Monday, January 30, 2017

Alumni Spotlight: An 8 Part Series with Rebecca Bader

      For Rebecca Bader, coming to Israel to learn only became real for her, after a Mayanot representative visited the Chabad for her school, the University of Hartford a few years ago, where she and her, then fiancĂ©, now husband Eric Maurer were regulars. The rabbi suggested that she and Eric might both want to learn at the women’s and men’s programs (respectively), so they could connect more deeply with Judaism – and with each other.

“It’s so nice to be both on the same page,” says Becca, who spent many of her growing-up years in Alabama but whose family lives in Maryland. “Never would I have thought that I would come to a yeshiva in Israel but I’ve learned so much more about my Judaism, connected with Israel and really grown as a person in ways I can’t even describe.”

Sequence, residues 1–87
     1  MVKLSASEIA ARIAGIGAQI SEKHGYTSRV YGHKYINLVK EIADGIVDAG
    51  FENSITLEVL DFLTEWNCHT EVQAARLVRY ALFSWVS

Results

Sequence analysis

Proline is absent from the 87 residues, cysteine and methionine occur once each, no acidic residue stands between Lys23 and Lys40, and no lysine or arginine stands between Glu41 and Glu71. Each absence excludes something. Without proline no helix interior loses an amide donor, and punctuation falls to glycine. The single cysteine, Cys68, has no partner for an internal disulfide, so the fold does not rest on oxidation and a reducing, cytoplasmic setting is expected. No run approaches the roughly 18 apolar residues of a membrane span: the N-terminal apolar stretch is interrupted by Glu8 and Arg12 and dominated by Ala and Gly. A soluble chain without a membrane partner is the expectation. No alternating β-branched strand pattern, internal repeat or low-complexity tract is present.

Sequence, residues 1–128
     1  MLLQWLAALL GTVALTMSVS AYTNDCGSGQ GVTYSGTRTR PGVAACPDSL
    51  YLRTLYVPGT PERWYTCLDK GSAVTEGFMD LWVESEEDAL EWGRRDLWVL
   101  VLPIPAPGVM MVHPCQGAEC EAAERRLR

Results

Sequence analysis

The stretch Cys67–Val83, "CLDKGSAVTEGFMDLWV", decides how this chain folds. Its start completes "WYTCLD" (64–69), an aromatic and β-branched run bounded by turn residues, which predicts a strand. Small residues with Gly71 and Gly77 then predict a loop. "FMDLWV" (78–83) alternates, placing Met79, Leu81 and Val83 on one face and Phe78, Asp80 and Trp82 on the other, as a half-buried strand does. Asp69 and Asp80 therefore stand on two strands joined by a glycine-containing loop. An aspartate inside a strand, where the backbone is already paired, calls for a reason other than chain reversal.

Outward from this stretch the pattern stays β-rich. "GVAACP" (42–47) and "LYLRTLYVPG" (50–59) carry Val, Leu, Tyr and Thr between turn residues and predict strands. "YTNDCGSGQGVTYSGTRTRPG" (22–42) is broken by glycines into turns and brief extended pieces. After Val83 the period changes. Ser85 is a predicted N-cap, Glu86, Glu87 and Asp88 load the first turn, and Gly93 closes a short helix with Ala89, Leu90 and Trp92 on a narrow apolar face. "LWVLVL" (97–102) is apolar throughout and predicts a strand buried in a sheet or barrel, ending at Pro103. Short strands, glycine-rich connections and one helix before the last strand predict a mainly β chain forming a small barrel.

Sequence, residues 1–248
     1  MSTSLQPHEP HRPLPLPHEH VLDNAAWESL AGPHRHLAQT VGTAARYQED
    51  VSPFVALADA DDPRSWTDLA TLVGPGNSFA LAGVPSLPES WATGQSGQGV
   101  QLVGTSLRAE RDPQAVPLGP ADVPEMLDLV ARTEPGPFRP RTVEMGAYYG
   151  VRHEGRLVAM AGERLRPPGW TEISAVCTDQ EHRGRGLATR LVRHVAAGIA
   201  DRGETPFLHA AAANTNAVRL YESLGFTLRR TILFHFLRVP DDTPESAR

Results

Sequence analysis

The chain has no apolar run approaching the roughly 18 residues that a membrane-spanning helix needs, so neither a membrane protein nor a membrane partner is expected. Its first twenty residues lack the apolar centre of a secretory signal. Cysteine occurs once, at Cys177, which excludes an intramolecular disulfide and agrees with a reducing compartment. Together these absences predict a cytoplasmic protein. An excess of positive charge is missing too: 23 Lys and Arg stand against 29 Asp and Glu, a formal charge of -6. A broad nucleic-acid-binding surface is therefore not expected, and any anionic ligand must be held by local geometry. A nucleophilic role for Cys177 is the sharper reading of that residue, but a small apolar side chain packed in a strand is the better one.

Before she arrived, Becca was “a little nervous that the ideas would be radical, but Mayanot brings in so many aspects; we hear from women from all the different sects and the teachers come from all different backgrounds and when they tell us their stories, they’re so honest and open. They also know so much that any question you ask they either know the answer or they can help you figure it out.”

Put together, their experience is bound to strengthen their marriage, says Becca. “We always knew we wanted to raise Jewish children, but the more we learn, the better our foundation for starting our family together, the better parents we will be. And, being in similar programs, we’re now able to really talk about how we want to raise our children with Halacha (Jewish Law), with Shabbat, something that’s going to be so much easier after our learning about it here.”